“Our goal is to really rally the industry to take advantage of this unique opportunity,” said Linda Balfour, marketing manager for Keen and a board member with the Conservation Alliance.

Last fall, when The Conservation Alliance board members took their annual trip to Washington, D.C., they met with U.S. Department of Interior and U.S. Department of Agriculture staff, and the conversation turned to the possibility of seeing an increasing willingness on the part of the president to create new monuments before his term ends in January 2017.

Balfour came back to Keen with the idea of doing something to seize that opportunity. It wasn’t a tough sell.

“Not only is it creating legacy for future generations, the more of those dollars that we can put back into actions that protect the environment, the more people are going to get out there, and the more products they need,” she said. “It starts this virtuous circle that’s good for people, it’s good for the environment and it’s good for business.”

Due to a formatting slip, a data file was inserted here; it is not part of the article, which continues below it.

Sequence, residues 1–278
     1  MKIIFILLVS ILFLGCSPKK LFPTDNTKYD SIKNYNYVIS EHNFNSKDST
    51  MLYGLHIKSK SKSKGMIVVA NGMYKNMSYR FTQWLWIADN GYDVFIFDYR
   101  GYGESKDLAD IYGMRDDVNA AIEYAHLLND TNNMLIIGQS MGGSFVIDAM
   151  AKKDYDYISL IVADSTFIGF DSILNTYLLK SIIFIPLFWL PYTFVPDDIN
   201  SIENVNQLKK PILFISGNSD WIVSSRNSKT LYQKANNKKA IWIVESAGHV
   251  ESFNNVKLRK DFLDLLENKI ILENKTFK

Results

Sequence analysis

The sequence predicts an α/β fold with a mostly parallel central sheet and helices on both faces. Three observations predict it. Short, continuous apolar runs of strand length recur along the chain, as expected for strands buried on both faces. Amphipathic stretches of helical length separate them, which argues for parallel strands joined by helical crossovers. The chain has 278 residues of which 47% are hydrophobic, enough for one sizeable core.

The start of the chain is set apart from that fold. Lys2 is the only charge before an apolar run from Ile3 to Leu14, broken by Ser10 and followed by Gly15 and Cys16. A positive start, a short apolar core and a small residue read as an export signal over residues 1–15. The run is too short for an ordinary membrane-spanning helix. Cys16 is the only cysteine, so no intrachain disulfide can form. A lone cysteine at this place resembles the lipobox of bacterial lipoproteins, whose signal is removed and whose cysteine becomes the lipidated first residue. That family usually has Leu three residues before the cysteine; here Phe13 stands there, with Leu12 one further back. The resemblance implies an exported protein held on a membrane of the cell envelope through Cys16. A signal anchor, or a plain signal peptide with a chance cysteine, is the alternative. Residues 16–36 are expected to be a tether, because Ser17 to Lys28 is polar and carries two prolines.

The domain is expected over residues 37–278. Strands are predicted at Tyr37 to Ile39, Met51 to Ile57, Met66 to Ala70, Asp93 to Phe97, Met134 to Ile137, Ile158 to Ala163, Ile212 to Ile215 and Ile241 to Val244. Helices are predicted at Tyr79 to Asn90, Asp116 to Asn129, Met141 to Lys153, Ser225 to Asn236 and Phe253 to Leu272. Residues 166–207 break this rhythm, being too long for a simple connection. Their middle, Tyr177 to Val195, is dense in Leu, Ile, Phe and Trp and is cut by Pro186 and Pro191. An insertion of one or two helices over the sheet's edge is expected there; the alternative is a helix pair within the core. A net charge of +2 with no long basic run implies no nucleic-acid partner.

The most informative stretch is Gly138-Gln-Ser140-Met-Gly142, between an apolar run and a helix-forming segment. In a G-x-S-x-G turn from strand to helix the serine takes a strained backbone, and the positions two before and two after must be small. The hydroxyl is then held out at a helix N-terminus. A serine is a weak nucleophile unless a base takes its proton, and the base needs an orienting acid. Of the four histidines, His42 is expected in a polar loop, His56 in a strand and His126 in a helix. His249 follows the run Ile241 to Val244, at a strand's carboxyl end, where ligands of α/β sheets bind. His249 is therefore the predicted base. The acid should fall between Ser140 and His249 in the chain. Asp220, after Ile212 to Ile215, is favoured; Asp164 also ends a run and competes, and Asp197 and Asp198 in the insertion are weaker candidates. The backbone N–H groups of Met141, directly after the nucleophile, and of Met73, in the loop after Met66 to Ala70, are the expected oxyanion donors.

For other retailers looking to get involved in the push for more monuments, Sterling suggests finding a local area to support, and going into it aware that, as with all political stances, not every customer will get on board. The president is particularly conscious of social media, and Sterling says the Obama administration has told him they like seeing Facebook or Instagram campaigns that show public support. Looking at Obama’s designations of monuments like one near Los Angeles in an area popular with Latinos and a site commemorating the Underground Railroad in Illinois, he added, “if there’s a storyline related to a moment that serves a nonwhite community, it probably stands a better chance.”

Given the July announcement of three new national monuments in Nevada, California and Texas, the president seems amendable to the project.

--Elizabeth Miller